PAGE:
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How to mentally, physically and fashionably prepare for holidays



 Ready or not, the holiday season is upon us. As the first strand of Chesapeake Energy’s lights went up on Western Avenue in early October, dreams of decking the halls, tacky sweater parties and spiked eggnog danced in our heads.

For many, the thought of the upcoming festivities is exhilarating. Time spent with friends and family, mouth watering meals and all-around merriment are things we look forward to all year.

’Tis also the time of year for awkward gatherings, stressful get-together planning and hemorrhaging bank accounts.

How does one best prepare mentally, physically and fashionably for this time of year? We have you covered with our party prep guide.

Food and drink

To put guests into an adequate tryptophan coma, many hosts opt to serve turkey. The logistics however could seem overwhelming. When do you begin cooking? Will it feed all of the guests? Luckily for some, it is possible to avoid recreating the dinner scene from National Lampoon’s Christmas Vacation, and leave the cooking to the professionals.

Places like Sprouts Farmers Market and Whole Foods Market make things easier: Order online or in-store and you can specify the cooking method as well as the number of guests you need to feed. Plus, you know where the bird came from and that it has no antibiotics or growth hormones. It is also pre-cooked so you can just pop it in the oven for an hour or so to reheat it.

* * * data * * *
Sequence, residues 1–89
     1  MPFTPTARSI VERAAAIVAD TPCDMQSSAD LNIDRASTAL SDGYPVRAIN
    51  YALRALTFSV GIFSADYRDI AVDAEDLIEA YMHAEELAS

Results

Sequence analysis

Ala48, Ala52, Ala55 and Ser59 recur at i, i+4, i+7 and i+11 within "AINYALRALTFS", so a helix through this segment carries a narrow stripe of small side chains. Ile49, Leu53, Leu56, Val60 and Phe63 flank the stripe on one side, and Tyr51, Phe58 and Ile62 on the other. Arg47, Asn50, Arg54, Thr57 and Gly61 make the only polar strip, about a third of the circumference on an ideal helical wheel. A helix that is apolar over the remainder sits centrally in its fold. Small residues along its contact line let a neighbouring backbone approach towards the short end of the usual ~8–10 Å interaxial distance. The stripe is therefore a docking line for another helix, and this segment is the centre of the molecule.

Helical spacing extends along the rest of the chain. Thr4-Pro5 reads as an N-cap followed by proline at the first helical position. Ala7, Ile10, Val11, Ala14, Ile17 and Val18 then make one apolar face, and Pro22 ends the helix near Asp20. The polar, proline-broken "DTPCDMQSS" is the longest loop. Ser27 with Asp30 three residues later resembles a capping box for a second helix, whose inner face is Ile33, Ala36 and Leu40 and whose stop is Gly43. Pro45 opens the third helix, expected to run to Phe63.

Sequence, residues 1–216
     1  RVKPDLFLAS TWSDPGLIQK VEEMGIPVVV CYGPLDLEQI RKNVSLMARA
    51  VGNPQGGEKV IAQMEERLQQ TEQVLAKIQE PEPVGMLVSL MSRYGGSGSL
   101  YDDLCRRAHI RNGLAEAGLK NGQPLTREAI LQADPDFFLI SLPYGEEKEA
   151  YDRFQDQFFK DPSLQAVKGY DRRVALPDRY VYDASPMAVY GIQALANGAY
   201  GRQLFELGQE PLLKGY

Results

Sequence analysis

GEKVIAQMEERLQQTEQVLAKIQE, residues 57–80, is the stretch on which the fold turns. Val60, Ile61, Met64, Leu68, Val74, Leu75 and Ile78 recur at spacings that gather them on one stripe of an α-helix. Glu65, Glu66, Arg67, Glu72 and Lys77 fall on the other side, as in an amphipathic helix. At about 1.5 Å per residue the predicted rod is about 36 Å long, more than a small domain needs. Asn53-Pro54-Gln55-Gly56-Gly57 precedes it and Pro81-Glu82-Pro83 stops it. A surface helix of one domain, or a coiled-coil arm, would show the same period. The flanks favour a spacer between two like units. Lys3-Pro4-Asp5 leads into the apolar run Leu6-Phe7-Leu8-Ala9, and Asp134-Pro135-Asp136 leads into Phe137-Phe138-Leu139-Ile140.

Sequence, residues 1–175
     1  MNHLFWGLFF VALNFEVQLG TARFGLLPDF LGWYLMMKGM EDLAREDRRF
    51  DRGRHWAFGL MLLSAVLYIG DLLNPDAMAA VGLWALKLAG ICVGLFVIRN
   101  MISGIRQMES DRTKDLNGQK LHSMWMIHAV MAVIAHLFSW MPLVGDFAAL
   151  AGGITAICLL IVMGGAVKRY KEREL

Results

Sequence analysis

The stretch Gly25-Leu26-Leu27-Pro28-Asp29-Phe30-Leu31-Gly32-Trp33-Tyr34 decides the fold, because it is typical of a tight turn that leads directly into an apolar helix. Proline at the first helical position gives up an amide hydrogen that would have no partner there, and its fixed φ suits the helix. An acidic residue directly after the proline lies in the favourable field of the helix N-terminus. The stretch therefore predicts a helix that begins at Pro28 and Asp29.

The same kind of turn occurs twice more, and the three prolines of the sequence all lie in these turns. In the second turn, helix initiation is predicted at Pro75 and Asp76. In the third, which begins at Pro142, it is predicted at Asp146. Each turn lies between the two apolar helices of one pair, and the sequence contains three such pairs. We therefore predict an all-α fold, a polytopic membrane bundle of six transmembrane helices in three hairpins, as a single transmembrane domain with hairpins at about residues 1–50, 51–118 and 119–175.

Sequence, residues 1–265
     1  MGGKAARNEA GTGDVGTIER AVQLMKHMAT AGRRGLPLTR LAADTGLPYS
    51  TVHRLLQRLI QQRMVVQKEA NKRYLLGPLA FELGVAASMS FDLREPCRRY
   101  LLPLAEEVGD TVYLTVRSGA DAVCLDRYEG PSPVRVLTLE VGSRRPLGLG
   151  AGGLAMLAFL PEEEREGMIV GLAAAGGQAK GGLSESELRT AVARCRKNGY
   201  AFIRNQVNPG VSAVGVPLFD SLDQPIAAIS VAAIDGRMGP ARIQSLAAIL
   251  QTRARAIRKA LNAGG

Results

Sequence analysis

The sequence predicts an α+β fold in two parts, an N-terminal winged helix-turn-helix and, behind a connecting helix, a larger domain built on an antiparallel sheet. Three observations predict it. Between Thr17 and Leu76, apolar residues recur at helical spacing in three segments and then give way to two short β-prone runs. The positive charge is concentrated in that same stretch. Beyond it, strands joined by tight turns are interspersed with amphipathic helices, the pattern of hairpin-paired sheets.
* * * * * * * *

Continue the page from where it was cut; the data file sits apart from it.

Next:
If a tryptophan coma isn’t for you, Darren Wheeler of Wheeler’s Meat Market says popular options are barbecue and beef tenderloin. But for a non-traditional take on the traditional bird, you can also buy smoked turkey, of which Wheeler sells approximately 3,000 during the holidays.

“It’s not like it was years ago,” Wheeler said. “Everyone eats a lot of turkey throughout the year now.”

For those guests who don’t eat meat, don’t sweat learning the intricacies of a non-traditional menu: Most grocers sell pre-made vegan and vegetarian side dishes, too.

Also, another option that anyone can enjoy is tofurky — a vegetarian roast of wheat protein and organic tofu — that comes with everything you need (including cooking instructions) and is found at most grocery stores.

A popular accompaniment with any meal or happening has always been the cocktail. Shaken or stirred, on the rocks or neat, Haleigh Kenney, event planner at XO Events, suggests creating one signature cocktail to keep things easy.

“A signature drink is always a cute idea. A nice touch might even be to make recipe cards with the ingredients of your signature drink for guests to take home,” Kenney said.
For informal parties, consider serving snacks instead of a full meal.

“While serving a meal when a party is hosted during dinnertime, follows the rules of etiquette,” said Whitney Tatum, president of Eventures event planning company. “Heavy hors d’oeuvres are popular as well. Late-night fun food is popular and easy too.